Slowly lift your top leg to the top of its range of motion. Hold it there for one or two seconds and then lower it again. Continue these reps until you feel a burning in your hips, then take a quick 30-second break and switch over to the other side.
It might surprise you to see this weightlifting classic on a list of exercises for knee pain. After all, you might be lifting some significant amounts of weight on your shoulders during a squat. But it’s actually the perfect exercise for reducing knee pain because it builds strength in your glutes and quads. Even middle-aged people with osteoarthritis benefit from static low angle squatting.
How To Do Squats:
Start out doing bodyweight squats if you’ve had a serious injury or you aren’t already familiar with the move. Begin with your feet shoulder-width apart. You can hold one fist in the other hand or you can put your arms out to each side if you need extra stability.
Push your hips backward and your butt out as if you were about to sit down in a chair. Keep your back straight as you lower your torso. Stop when your knees are at 90-degree angles. If you feel any pain, stop the squat immediately to spare your knee.
Hold the low position of the squat and then rise back into the starting position to complete one rep. Repeat as many as possible, ideally somewhere between 5 and 10 minimum.
If you’re looking for a fast exercise to do during a conference call at work or an online video lecture, this is the one for you. It’s so simple you can do it absent-mindedly throughout the day.
How To Do Leg Extensions:
Sit down in a chair with your fingers tucked under your thighs. Lift your right foot until the whole right leg is straight out in front of you. Hold it there for a couple of seconds and then lower it again.That’s it! Repeat until your right leg feels the burn and then switch to your left leg.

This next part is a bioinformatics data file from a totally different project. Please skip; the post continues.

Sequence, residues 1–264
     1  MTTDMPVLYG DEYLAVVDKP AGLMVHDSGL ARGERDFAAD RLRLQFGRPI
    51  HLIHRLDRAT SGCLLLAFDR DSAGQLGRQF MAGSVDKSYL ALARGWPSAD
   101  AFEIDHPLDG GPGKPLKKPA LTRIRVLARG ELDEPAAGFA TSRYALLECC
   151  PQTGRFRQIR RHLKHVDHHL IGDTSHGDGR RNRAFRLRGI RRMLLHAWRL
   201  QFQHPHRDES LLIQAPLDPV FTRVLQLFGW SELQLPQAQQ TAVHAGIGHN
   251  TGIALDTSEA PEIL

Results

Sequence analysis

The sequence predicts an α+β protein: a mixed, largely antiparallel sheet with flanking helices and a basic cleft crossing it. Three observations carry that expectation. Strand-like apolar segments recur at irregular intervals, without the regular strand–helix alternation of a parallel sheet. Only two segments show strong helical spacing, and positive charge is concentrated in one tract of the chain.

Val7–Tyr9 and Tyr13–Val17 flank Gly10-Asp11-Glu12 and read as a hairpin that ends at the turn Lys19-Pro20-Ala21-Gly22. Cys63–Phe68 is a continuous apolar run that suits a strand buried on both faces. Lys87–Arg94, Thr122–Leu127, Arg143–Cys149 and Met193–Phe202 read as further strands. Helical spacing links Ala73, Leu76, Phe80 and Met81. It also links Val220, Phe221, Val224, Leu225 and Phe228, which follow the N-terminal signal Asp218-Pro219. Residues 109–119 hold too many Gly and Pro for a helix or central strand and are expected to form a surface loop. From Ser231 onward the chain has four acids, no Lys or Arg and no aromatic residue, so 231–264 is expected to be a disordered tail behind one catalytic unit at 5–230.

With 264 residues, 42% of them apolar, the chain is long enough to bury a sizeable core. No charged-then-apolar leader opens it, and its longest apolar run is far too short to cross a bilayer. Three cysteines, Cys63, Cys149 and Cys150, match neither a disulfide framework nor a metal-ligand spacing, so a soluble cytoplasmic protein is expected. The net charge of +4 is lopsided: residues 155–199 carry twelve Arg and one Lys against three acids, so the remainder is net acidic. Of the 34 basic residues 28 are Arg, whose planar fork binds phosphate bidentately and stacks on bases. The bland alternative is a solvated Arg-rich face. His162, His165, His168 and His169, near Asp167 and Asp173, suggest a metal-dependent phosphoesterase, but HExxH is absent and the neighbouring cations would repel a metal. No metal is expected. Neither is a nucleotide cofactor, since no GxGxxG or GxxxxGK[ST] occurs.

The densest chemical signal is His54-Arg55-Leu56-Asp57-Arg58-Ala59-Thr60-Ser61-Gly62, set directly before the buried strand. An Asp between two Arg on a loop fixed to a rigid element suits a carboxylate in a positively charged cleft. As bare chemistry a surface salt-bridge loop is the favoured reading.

You have to lie down on the floor for this exercise, but because you’re using a resistance band you can take it really slow and still give your knee a great workout. Ask your doctor before exercising a seriously injured knee.
How To Do The Banded Leg Press:
Lie flat on your back and wrap a big loop resistance band around one leg. Hang onto the band with both hands while you raise the knee of the banded leg to your chest and back down again. Remember to take it slow and switch sides after you complete all the reps on the first side.
Clamshells are a fantastic hip adduction exercise that is made even more beneficial with the addition of a resistance band around your thighs.
How To Do Clamshells:
Lie on your side and bend your knees slightly. Some people put them at 45-degree angles, but just stick with whatever is most comfortable for your knees.Lift your top leg without changing its bent knee position. It should look like you’re trying to flap your legs like bird wings. Don’t run through this too quickly - a fluid motion is most desirable.
You probably already know this exercise from your regular leg day routine. If you don’t, you seriously need to try it. Best of all, it doesn’t require much knee movement at all. As long as you can lie down with your knees slightly bent, you can do the glute bridge.
How To Do The Glute Bridge:
Lie on your back with both knees bent to about 45 degrees and the soles of your feet flat on the floor. You can place your arms out to either side.Lift your hips so that your butt comes off the ground and your back straightens. The whole torso should form a straight line at the top of the move.
Hold the highest position for a few seconds and then lower yourself to complete one rep.To make this move a bit more difficult, you can hold a barbell across your hips.
If you are having trouble getting your knees into a 90-degree angle during squats or any of the other exercises we mentioned in this guide, try this high knee walk to make it easier.
How To Do High Knee Walks:
You’re basically going to be walking with very pronounced steps. Place your hands on your hips and your feet about hip-width apart. Take a big step forward and lift your front leg until the knee is at a 90-degree angle, then complete the step. Repeat with the other leg. If you have space, try to walk around the room like this. If not, you can turn around and step in the opposite direction with the other leg.
Almost everyone experiences knee pain at some point or another. The anatomy of your knee is fairly straightforward, but since it’s a joint that bears lots of stress throughout the day, the knee is prone to injury.
Try out the 10 exercises in this guide to work out your glutes, hamstrings, and quads. They’ll reduce knee pain make it less likely to return in the future. With enough preparation, you’re much more likely to avoid the worst knee pain so you can keep building muscle without interruption.